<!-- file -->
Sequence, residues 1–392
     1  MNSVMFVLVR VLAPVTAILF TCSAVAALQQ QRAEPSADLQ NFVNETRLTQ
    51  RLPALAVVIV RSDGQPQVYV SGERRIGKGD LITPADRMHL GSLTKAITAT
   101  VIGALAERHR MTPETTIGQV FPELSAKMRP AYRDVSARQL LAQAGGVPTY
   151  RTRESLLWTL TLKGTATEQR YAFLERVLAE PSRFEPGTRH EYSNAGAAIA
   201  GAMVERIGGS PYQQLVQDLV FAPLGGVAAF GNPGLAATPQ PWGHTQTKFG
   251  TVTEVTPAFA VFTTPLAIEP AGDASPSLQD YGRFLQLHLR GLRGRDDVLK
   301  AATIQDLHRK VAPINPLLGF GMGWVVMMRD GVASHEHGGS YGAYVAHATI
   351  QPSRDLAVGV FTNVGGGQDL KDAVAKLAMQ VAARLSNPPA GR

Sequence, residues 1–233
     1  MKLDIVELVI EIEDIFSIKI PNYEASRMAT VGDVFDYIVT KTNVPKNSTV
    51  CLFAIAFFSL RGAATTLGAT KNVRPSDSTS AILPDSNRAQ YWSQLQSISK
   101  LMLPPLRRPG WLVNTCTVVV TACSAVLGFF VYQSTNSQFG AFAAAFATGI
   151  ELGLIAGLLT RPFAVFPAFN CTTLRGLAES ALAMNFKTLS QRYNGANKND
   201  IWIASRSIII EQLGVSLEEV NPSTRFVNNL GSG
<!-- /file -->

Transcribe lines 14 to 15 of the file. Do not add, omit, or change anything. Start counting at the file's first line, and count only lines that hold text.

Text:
   151  ELGLIAGLLT RPFAVFPAFN CTTLRGLAES ALAMNFKTLS QRYNGANKND
   201  IWIASRSIII EQLGVSLEEV NPSTRFVNNL GSG